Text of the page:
I understand that its tough to think about your death when you’re only 30 years old but accidents and illnesses do happen. Even if you’re single you need to have a will so that you will have control over what happens to your money and physical possessions. Of course, this is even more critical if you’re married and have children.
Prioritize and pay off your high-interest debt
If you still have high-interest debt you need to get to work paying it off. Most experts say that the best way to pay off high-interest credit card debt is by using a technique called snowballing. It’s where you prioritize your debts from the one with the lowest balance down to the one with the highest. You then focus on paying off the one with the lowest balance. When you get it paid off you will have “new” money available to begin paying off the card with the second lowest balance and so on. This is called snowballing your debt because as you get each one paid off, you should pick up momentum to pay off the next one just as a snowball picks up momentum as it rolls downhill. If you think this technique might help you, watch this video from Dave Ramsey for more information.
If you have federal student loan debt you can’t snowball it but you could change repayment programs so that you would have better terms and lower monthly payments.
You were probably put in 10-Year Standard Repayment after you graduated from school. This means you have a fixed term of 10 years and fixed monthly payments. Another program such as Graduated Repayment or Pay As You Earn Repayment could be a better option. If you would like to know more about these options go to the website https://studentaid.ed.gov/repay-loans/understand/plans.
Improve your credit score
Like it or not, that little three-digit credit score is what rules your credit life. It was invented by a company that was then known as Fair Isaac Corporation but is now simply FICO. If you don’t know your FICO score you can get it on the website www.myfico.com. You can also get it from any of the three credit reporting bureaus – Experian, Equifax and TransUnion or from an independent source such as CreditKarma.com. If you find that you have a low credit score of, say, less than 600 you need to get to work to improve it. One of the components that make up your score is your debt-to-credit ratio. This is calculated by dividing your debt by the total amount of credit you have available. For example, if you have total credit card limits of $10,000 and have charged $2000, your debt-to-credit ratio would be 20%, which would be very good. If you find your ratio is above 40%, you will need to either pay down some of your debts or get your credit limits increased. Do this and your credit score should improve at least somewhat. Beyond this, you need to check your credit reports to see what’s dragging down your score. If you have missed payments, skipped payments or defaulted on payments, you will need to get to work to correct these issues.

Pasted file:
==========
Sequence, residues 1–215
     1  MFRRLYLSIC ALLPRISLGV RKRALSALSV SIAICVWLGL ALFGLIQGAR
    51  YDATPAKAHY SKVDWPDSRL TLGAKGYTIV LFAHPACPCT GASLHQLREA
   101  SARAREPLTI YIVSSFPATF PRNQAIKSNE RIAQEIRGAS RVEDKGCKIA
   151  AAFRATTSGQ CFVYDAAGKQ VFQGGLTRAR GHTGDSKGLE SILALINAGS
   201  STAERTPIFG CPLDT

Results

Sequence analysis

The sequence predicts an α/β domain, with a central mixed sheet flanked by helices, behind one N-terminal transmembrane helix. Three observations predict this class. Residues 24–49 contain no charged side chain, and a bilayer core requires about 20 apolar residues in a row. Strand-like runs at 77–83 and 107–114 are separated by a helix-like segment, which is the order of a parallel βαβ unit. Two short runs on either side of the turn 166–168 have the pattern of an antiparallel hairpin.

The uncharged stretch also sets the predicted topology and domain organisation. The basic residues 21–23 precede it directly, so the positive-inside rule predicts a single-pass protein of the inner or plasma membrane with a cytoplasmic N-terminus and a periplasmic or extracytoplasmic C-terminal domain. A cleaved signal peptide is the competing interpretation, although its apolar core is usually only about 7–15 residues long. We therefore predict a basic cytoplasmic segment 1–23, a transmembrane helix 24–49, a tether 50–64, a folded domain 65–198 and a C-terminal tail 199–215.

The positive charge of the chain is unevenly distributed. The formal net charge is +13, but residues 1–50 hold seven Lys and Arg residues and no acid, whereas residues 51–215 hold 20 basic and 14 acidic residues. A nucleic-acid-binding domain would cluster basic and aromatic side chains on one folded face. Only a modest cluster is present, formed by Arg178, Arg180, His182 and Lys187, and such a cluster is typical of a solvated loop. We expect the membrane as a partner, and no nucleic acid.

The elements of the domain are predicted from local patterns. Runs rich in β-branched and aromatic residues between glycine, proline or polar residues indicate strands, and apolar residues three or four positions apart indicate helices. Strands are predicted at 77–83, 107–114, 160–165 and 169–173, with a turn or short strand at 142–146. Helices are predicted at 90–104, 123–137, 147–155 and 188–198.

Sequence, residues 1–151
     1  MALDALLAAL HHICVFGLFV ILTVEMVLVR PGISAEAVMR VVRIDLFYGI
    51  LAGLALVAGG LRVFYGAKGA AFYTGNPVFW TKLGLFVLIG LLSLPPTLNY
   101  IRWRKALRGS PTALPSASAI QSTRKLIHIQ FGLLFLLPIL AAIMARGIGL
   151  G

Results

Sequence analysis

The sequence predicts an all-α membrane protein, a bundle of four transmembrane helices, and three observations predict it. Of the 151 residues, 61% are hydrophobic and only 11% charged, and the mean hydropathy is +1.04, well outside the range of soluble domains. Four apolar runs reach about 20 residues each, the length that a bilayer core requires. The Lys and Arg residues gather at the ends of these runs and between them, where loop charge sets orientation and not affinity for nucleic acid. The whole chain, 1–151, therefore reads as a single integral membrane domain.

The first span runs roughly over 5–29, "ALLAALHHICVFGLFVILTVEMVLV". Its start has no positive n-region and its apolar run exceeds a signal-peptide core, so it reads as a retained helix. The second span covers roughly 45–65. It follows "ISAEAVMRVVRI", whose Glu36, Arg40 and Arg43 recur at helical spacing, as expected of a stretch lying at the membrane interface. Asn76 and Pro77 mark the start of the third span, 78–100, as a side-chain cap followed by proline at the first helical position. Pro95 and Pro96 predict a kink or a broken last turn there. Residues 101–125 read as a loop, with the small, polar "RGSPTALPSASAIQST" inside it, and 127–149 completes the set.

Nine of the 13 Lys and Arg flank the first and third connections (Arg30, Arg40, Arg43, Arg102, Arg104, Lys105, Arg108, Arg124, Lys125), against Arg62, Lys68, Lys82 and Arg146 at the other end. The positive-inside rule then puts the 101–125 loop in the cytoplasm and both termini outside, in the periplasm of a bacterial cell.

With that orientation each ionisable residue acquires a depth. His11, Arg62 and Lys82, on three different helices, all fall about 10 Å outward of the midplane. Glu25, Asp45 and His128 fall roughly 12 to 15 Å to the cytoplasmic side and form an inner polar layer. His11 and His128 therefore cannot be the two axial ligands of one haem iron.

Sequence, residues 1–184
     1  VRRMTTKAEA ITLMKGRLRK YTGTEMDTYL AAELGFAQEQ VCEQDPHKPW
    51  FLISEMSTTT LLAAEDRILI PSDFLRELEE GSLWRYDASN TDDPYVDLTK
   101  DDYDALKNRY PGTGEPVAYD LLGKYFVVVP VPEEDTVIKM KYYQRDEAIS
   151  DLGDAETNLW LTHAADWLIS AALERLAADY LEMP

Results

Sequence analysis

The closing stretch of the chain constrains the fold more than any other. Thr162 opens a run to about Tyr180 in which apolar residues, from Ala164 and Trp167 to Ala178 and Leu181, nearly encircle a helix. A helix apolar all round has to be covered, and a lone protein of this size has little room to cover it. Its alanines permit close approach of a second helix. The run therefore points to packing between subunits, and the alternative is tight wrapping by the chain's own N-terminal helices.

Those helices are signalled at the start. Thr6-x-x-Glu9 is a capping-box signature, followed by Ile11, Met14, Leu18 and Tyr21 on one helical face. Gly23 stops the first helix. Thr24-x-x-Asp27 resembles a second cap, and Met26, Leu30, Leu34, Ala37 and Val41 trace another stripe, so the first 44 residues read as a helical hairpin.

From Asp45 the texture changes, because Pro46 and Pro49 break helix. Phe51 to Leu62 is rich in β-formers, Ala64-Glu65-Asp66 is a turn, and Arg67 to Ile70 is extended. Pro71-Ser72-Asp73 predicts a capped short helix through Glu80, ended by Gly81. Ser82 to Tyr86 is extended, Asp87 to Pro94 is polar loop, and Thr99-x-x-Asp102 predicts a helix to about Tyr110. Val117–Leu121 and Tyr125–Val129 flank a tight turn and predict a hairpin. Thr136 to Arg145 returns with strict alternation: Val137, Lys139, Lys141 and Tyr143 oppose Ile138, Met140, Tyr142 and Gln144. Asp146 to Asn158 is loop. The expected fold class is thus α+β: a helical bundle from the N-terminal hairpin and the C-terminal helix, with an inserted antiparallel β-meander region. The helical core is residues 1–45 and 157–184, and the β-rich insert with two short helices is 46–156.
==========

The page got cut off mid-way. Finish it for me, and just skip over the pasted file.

Know something about negotiating
It’s important to be able to negotiate successfully over things such as salary and with service providers. By now you should at least understand the elements of how to negotiate successfully.
Have read a few books
Finally, by the time you reach age 30 you should have read a couple of books about personal finance. Two of the best of these are Your Money Or Your Life and Dave Ramsey’s Total Money Makeover.